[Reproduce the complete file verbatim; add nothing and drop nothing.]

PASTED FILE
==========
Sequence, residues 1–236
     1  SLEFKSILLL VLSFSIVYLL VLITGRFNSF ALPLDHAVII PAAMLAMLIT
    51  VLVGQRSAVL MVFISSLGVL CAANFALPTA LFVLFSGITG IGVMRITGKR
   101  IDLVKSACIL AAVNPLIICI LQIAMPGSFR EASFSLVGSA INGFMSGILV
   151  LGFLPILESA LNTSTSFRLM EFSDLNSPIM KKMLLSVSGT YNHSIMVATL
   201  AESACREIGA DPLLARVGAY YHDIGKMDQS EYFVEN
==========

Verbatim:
Sequence, residues 1–236
     1  SLEFKSILLL VLSFSIVYLL VLITGRFNSF ALPLDHAVII PAAMLAMLIT
    51  VLVGQRSAVL MVFISSLGVL CAANFALPTA LFVLFSGITG IGVMRITGKR
   101  IDLVKSACIL AAVNPLIICI LQIAMPGSFR EASFSLVGSA INGFMSGILV
   151  LGFLPILESA LNTSTSFRLM EFSDLNSPIM KKMLLSVSGT YNHSIMVATL
   201  AESACREIGA DPLLARVGAY YHDIGKMDQS EYFVEN